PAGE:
Finally, there will be a reception and “Irish Wake” at the Griffin Club. Keep following Cottage Road past Legion Square Market. It will be a green building on the right. It is open now so if you are not going to the cemetery, someone save my seat at the bar.

Thank you from Gina and I.

Good Night Dave

Last night I said goodnight to a venerable broadcaster, David Letterman. I have followed his career for three decades. It started one night at Goodfellow Air Force Base in San Angelo TX. I was attending training there. One night coming back from the NCO club, I heard raucous laughter from a third floor room. The next day, I asked the inhabitants of the room what was so damn funny. They then introduced me to “Late Night with David Letterman.”

The show followed me to to my next base in Hawaii. My friends and I worked 3 day shifts, 3 swing shifts, 3 night shifts and finally 3 days off. Mondays thru Thursdays the VCR collected Late Night so whenever our shift was over we would gather in my room and see what Dave had to say. We never missed a show.

I remember saying during that time period that someday I would go to a live taping. I never did get to a “Late Night” taping, but I have been to five “Late Show” tapings. Had Dave gotten “The Tonight Show” I doubt I would ever have had the chance to see it live unless he taped in NYC. Fortunately, he lost out and Howard Stringer hired him and gave him the Ed Sullivan Theater as a venue.

Back somewhere around 1994, I started getting these curious CD’s in the mail from a company called AOL. I had dabbled in local BBS’s, but AOL promised international connections. Hooked. Suddenly, I can connect to like-minded folks around the world. Lo and behold there was a chat room dedicated to David Letterman. Hey there is a fan club and I’m now a member and golly there are no dues! Sign me up.

This AOL fan club has gravitated with the times from AOL to Usenet to Facebook. We count as members not only fans but a full spectrum of the Late Show staff which got their severance check yesterday. They have truly been wonderful to us devoted fans. The staff has welcomed us on to the stage after a taping, showered us with gifts and tours of the backstage and most all of allowed us to sit at Dave’s throne.

A month after my last opportunity to attend a show, my wife fell and became a quadriplegic. I reached out to writer Steve Young when we planning a benefit for her and asked for some Late Show stuff. He came thorough in the nicest way with vintage Late Night and Late Show gear. I had gotten some comedians to perform for the benefit and I was able to pay them with Dave swag. They were overwhelmed and said to me “We’ve never been paid for a gig before.” Thanks Steve!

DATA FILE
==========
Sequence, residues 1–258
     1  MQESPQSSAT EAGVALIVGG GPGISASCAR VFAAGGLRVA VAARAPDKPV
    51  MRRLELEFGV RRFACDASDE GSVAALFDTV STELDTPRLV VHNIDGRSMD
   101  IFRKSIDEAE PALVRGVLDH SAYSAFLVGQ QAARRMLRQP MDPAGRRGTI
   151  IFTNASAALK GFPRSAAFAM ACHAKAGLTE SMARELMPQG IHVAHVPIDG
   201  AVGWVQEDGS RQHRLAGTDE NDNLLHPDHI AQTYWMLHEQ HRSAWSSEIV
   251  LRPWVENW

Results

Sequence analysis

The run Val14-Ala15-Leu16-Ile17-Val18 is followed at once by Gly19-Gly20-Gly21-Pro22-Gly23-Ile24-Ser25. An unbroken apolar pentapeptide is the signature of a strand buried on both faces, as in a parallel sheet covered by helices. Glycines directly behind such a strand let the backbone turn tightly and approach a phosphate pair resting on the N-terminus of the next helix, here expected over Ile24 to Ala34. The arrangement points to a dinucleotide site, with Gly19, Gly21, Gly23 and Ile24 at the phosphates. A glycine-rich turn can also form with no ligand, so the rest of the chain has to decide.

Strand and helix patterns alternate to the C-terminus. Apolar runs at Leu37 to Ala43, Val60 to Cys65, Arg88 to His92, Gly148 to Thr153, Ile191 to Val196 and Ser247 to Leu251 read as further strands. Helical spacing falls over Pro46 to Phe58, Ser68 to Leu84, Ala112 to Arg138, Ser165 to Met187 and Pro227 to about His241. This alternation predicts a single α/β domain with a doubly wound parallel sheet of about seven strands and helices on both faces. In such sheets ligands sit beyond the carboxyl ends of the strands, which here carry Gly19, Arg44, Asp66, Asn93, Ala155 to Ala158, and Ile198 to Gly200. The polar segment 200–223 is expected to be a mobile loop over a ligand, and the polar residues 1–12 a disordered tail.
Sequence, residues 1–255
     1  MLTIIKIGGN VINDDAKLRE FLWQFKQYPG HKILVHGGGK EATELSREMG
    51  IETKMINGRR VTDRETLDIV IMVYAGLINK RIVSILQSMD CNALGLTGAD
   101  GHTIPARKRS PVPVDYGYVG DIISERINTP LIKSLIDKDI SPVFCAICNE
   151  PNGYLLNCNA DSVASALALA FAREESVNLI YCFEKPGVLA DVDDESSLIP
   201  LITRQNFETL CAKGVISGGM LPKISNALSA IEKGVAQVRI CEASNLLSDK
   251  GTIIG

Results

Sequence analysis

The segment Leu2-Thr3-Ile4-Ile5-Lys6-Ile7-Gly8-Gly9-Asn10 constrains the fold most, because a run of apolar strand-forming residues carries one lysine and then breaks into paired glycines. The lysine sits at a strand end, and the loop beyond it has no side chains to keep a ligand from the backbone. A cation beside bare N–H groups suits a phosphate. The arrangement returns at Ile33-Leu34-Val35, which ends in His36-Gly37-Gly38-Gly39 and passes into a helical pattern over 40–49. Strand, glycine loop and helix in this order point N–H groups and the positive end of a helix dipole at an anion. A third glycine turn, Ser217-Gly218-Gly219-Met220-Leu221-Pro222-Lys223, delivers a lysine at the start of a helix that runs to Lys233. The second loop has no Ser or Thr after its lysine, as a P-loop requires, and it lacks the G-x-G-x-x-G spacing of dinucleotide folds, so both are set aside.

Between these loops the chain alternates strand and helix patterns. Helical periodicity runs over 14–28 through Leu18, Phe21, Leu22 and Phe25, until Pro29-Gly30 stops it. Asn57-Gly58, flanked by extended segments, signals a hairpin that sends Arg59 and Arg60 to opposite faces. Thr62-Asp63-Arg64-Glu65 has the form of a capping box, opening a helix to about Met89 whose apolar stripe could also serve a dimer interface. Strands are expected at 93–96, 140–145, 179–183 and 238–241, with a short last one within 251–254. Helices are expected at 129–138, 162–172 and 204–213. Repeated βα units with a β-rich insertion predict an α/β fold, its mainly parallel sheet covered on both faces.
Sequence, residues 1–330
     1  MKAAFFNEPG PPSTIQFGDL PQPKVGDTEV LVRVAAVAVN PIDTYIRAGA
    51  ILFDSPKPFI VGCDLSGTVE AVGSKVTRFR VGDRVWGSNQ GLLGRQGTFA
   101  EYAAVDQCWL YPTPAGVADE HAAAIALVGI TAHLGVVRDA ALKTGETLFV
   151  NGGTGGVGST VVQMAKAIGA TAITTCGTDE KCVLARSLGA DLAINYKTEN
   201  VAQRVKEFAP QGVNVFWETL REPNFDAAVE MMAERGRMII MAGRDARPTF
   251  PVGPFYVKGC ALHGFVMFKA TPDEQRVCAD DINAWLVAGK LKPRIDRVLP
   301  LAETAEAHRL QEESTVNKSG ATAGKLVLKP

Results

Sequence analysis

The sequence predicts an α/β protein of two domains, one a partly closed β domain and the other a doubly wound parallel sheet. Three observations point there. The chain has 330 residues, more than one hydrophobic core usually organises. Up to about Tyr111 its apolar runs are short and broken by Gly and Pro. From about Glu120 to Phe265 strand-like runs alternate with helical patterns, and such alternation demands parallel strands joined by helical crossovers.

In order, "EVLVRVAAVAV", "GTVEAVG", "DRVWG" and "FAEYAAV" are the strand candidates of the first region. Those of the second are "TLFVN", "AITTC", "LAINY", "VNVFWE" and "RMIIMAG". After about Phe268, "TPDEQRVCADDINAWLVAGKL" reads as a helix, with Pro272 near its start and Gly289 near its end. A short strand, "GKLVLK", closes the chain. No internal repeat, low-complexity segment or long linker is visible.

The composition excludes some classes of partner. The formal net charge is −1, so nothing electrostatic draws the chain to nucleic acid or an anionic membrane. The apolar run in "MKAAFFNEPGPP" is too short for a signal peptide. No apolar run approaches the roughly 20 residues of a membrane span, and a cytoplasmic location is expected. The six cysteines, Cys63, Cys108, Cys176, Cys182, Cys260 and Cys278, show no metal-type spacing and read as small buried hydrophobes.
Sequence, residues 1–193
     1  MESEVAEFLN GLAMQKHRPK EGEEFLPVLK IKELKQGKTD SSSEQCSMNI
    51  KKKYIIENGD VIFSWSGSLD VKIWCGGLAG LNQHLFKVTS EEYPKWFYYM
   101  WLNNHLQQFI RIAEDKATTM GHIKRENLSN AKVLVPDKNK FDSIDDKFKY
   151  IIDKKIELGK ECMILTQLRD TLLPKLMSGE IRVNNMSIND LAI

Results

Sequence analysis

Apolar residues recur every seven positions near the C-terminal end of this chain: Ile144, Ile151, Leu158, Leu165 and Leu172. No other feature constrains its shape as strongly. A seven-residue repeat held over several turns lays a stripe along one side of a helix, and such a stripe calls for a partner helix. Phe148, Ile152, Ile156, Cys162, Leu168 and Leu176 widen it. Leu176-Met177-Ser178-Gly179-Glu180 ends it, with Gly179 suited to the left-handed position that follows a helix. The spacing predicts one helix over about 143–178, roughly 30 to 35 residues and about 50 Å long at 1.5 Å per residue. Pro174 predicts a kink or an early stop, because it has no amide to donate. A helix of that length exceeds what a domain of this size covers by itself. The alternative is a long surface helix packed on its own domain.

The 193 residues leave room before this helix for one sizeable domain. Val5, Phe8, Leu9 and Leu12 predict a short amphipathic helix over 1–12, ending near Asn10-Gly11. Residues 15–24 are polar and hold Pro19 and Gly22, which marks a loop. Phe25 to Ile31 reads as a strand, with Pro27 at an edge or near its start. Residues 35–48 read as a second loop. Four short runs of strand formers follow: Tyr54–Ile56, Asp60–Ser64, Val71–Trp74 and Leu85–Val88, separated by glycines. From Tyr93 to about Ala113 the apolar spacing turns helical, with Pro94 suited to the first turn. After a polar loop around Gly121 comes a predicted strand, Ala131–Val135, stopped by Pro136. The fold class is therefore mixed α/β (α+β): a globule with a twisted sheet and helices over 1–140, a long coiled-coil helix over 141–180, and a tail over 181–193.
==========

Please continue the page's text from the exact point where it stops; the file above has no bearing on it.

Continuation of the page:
Benjamin Franklin

once said – Tell me and I forget. Teach me and I remember. Involve me and I learn.

I have spent days by Gina’s bedside carefully watching the skilled nurses tending to her needs. After a period of time they let me assist in her care. It was as simple as positioning her wheelchair underneath the Hoya lift, assisting with repositioning her in bed, or doing range of motion movements with her limbs. Once we got to rehab, I was allowed to become more involved.

Her life revolves around a ventilator to assist her with breathing through her tracheotomy incision. Without this assistance she cannot maintain an airflow to keep her alive. Tammy and I have both gone through the training on a “live” mannequin. Live in the sense of the word means it does breathe. I went through four repetitions of swapping out the trachea device and felt confident at that point to go the full route and perform it on Gina. This is something that will be needed monthly. It must be done quickly because she will be unable to breath normally during the swap. It needs one person to do the swap and a helping hand to assist. Gina was due for the swap that day, so I did it with a helping hand of my instructor. Gina and the instructor gave me an A.